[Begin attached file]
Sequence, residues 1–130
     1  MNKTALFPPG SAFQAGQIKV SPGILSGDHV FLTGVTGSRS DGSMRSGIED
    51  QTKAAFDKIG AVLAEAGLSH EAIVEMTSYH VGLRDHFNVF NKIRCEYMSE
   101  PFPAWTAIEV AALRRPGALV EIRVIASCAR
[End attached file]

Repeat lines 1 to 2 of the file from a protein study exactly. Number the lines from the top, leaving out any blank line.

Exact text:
Sequence, residues 1–130
     1  MNKTALFPPG SAFQAGQIKV SPGILSGDHV FLTGVTGSRS DGSMRSGIED